The announcement last week that architect Frank O. Gehry has been asked to design a 40- to 50-story skyscraper, to be built in the space next to his Disney Hall as part of downtown Los Angeles’ $1.8-billion Grand Avenue project, offers a new opportunity for the city to focus on the park that will be created in the Gehry building’s shadows.
Running from City Hall to the top of Bunker Hill, the 16-acre space will be “the new front lawn of the city,” its proponents say — “our Central Park.” The Related Cos., developers of the Grand Avenue project, will pay for the park with a $50-million lease advance on the land underlying the project. Long before the sure-to-be iconic Gehry building was announced, the park-to-be had attracted a wish list of civic hopes, including cultural performances, political gatherings, farmers markets and pickup sports games.
But will it rise to those hopes? Are those the boldest proposals this city has to offer? And are the developer’s focus groups really the best way to find the best suggestions?
My bet is that it’s not too late to bust things open for an eruption of creative energy, to ventilate and galvanize and democratize the design process, to invite citizens of Los Angeles, architecture fans, design junkies and imagineers from around the world to brainstorm truly breakthrough ideas for our 21st century civic space.
Architecture is a kind of public theater. You playwrights and screenwriters, you set designers and choreographers, you producers and impresarios — what could you do with Los Angeles as a stage?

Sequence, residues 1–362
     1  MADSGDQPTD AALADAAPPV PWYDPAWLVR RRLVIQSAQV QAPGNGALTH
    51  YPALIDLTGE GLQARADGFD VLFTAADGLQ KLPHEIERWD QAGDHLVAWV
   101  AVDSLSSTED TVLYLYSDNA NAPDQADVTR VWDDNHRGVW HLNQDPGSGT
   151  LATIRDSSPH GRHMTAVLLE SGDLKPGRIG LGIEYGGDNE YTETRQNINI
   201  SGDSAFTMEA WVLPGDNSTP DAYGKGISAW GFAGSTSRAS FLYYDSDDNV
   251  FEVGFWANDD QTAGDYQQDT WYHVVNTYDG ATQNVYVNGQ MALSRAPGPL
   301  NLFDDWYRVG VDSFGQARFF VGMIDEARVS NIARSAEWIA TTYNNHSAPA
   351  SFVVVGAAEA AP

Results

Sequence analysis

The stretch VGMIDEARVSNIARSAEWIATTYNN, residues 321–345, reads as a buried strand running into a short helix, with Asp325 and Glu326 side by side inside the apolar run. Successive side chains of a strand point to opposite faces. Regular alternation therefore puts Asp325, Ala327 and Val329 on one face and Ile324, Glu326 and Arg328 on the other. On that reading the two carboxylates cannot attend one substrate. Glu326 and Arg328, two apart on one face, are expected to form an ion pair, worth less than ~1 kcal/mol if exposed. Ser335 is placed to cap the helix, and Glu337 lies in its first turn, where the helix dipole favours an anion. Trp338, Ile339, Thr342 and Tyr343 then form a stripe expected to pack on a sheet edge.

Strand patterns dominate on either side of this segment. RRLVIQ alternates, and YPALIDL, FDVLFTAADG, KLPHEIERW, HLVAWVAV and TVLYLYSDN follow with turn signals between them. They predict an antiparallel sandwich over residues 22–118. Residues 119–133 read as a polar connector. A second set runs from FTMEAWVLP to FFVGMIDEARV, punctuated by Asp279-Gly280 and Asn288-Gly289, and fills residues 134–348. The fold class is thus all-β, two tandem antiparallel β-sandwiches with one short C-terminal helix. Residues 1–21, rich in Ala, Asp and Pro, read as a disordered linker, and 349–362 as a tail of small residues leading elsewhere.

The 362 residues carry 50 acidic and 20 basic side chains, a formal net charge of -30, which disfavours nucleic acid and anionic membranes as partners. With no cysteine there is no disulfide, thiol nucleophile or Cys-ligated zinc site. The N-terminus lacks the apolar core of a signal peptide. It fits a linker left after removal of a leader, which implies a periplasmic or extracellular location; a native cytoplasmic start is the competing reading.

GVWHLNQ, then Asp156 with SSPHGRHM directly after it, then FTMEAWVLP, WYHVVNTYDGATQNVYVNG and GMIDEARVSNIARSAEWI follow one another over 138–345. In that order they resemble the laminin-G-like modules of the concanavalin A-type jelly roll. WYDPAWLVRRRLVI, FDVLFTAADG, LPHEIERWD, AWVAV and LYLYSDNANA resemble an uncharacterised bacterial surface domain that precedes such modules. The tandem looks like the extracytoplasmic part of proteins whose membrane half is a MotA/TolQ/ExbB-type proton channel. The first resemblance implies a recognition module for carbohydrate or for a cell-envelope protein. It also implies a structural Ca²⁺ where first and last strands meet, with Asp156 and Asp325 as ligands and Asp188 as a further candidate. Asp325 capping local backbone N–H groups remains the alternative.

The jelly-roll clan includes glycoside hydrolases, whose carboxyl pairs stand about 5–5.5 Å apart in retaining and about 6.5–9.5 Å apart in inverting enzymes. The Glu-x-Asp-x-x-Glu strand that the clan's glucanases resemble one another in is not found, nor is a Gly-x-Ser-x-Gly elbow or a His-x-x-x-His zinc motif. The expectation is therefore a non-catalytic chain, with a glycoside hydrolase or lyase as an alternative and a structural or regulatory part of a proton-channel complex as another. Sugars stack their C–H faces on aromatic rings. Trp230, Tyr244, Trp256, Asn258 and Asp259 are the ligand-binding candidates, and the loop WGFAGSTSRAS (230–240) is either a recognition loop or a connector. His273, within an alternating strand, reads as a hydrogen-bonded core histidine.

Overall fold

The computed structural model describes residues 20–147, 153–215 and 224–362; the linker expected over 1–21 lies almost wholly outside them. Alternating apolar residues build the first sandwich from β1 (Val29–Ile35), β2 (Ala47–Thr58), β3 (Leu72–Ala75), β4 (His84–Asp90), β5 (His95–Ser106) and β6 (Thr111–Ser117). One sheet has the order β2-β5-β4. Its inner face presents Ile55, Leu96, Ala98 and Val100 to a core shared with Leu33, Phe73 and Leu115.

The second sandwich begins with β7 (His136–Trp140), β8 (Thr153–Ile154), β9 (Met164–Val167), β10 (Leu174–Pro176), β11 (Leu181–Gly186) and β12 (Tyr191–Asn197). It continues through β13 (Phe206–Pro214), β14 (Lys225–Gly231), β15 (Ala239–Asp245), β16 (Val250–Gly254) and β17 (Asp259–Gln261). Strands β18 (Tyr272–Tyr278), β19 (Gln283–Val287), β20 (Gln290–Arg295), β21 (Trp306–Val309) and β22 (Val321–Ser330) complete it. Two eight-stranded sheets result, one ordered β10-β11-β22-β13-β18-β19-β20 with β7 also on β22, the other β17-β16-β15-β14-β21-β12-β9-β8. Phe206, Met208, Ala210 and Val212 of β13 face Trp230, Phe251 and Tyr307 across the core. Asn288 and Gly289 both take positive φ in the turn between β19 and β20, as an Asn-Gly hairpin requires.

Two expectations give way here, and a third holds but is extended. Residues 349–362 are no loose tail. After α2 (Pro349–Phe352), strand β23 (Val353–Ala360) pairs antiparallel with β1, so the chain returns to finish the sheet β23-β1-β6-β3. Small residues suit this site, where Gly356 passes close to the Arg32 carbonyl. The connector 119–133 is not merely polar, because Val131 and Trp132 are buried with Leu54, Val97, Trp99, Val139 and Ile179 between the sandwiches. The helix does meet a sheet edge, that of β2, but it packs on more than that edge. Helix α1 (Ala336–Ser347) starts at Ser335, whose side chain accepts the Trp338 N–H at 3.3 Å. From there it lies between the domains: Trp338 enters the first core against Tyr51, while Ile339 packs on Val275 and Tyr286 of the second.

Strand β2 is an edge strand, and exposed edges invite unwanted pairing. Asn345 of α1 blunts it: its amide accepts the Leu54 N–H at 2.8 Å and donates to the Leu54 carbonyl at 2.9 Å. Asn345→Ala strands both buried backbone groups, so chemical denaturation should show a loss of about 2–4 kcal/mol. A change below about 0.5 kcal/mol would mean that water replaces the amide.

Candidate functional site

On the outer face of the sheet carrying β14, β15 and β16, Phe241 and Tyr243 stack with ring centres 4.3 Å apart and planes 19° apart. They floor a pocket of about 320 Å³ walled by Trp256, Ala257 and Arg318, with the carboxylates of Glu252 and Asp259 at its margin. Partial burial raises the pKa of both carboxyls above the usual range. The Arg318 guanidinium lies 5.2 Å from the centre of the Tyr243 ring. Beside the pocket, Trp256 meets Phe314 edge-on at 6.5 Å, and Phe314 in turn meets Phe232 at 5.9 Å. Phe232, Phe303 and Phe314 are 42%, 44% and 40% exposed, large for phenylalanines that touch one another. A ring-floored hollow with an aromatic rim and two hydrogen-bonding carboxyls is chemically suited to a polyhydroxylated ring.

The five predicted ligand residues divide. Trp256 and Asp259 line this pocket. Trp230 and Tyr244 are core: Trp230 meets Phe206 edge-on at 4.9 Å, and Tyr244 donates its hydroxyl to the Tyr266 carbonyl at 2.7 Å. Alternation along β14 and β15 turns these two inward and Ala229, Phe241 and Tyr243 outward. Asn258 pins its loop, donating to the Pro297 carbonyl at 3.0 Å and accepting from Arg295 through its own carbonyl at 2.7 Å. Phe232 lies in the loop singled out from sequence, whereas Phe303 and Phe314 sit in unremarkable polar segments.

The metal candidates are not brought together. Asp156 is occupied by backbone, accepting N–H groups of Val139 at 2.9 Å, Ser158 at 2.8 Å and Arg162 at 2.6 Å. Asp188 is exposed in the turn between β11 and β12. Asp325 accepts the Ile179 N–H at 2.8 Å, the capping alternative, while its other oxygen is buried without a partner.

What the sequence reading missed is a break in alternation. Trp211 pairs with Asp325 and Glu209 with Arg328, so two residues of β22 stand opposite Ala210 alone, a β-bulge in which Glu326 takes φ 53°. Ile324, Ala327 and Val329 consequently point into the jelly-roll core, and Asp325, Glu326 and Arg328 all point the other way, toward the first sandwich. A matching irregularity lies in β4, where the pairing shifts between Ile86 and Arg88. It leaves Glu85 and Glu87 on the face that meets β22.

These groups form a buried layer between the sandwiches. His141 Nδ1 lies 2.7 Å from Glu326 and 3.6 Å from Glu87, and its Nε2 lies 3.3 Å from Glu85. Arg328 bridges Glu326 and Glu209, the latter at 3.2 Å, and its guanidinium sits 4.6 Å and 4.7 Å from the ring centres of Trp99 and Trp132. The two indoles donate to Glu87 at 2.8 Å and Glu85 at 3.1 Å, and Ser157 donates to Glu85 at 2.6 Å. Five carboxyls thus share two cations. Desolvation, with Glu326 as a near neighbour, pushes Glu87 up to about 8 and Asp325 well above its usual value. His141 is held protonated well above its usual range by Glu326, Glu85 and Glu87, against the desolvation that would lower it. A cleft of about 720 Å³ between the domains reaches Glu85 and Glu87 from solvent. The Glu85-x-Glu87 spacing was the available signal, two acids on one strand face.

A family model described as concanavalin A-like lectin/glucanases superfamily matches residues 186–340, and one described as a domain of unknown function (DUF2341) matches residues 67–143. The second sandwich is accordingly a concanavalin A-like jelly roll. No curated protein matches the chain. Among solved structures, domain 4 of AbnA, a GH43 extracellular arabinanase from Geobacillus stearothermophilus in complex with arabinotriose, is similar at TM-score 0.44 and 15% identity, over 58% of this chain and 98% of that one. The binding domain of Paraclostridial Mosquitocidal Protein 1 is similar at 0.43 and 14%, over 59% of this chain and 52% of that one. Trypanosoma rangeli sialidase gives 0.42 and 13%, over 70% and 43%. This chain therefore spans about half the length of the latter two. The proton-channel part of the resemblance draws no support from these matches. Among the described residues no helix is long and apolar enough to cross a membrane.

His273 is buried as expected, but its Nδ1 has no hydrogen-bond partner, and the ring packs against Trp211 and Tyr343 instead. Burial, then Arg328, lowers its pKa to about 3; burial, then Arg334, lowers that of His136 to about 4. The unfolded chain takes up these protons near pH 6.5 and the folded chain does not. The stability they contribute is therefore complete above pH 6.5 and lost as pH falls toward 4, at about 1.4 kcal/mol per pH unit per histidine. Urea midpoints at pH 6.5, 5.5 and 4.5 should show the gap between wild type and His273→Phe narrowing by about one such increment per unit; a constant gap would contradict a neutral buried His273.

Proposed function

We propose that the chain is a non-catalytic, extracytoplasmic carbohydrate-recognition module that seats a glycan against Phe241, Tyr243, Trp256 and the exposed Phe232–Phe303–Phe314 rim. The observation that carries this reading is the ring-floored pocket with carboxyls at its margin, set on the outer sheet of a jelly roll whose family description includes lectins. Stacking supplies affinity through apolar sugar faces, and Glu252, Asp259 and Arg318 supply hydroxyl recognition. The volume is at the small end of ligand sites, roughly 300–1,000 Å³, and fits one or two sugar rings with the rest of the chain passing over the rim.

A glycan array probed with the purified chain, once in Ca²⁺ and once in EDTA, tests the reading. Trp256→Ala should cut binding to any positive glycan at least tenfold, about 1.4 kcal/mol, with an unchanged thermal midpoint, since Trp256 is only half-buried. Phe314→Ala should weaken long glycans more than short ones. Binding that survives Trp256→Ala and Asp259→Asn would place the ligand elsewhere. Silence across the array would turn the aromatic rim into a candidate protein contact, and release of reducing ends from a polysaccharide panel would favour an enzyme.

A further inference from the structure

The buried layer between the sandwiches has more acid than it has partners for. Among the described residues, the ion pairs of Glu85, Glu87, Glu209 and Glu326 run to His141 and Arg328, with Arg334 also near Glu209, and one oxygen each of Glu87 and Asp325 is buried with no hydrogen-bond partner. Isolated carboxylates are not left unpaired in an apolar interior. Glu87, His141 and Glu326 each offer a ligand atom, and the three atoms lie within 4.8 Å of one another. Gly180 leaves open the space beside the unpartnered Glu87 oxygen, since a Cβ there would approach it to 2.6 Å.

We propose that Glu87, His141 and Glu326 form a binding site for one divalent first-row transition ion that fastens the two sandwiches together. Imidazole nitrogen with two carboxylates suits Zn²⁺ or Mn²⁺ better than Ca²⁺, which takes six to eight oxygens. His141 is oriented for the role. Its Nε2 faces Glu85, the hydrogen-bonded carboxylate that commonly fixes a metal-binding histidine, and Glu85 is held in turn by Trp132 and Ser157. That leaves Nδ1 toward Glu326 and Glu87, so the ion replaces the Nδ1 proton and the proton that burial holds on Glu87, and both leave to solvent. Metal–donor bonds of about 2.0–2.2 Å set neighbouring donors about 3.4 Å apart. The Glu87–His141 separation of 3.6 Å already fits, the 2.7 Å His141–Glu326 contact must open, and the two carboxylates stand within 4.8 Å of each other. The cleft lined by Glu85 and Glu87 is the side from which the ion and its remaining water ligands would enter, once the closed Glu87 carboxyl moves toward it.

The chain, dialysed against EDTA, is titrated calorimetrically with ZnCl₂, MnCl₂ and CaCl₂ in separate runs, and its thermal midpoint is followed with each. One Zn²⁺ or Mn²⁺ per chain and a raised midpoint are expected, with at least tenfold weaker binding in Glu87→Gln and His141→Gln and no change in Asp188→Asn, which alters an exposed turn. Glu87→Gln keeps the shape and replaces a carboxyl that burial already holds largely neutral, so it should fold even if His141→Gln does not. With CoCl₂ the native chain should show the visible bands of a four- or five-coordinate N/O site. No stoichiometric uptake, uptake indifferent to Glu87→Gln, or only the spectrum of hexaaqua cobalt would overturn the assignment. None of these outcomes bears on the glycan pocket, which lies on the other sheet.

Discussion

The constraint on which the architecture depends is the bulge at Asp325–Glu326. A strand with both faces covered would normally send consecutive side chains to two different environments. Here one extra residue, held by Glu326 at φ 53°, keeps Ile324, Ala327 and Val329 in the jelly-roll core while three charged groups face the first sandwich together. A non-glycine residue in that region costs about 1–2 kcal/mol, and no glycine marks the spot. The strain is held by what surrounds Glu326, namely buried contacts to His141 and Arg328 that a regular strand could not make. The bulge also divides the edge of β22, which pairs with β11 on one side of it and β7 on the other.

And how about you Hollywood lighting designers — how would you create drama without turning us into Las Vegas?
David Rockwell, you’re a master of narrative architecture. What story could the design of our park tell?
Bran Ferrin, Bill Mitchell, Adam Powell and you other digital wizards out there: How could our park use Wi-Fi, HyperSonic Sound, pod-casting and the other cool tech in your toolkit to turn the public sphere into an information commons, a knowledge network, a virtual performance space?
The city’s artists must have plenty of ideas, from subversive to sublime. Robbie Conal? Ed Ruscha? Robert Graham? MekOne?
And where are all the visionary urbanists? Manuel Castells? Witold Rybczynski? Norman Klein? Kevin Starr? How about conceiving a park for this era when the boundaries between work and leisure, entertainment and politics, consumption and citizenship have never been more porous.
Elizabeth Moule, Stefanos Polyzoides and you other New Urbanists: Isn’t the Grand Avenue park a matchless opportunity for your movement to strut its stuff?
What about all you professors and students of architecture, planning and landscape design? Surely you could build on or better the 50 international proposals for a Los Angeles Civic Park solicited by the LA H* Urban Bureau, a group of artists and architects, in 2003.
And how would you Zen garden designers create silence in the midst of urbanity?
You commuters and loft-dwellers, you pedestrians and picnickers, you Westsiders and Valleyites, you school groups and teachers, you protest marchers and soapbox orators, you in the pueblo and you in the ‘hood: Don’t you want a hand in making this park a magnet for you?
Please don’t be discouraged that the park already seems like a done deal.